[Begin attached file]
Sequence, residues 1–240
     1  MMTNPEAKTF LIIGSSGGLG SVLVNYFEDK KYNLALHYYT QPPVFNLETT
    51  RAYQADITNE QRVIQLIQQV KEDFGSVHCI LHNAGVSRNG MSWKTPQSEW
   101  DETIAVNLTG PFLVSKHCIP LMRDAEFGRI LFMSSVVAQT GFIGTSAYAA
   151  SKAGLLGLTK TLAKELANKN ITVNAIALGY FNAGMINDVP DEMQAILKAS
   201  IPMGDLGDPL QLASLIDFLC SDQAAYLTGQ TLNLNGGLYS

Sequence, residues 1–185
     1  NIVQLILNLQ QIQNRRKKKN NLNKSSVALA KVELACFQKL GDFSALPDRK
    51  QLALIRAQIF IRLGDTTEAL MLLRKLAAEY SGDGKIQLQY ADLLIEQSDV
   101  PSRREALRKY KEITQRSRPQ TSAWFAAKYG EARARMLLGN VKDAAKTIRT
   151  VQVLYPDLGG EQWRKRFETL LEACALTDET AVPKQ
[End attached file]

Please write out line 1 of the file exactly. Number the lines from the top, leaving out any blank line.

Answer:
Sequence, residues 1–240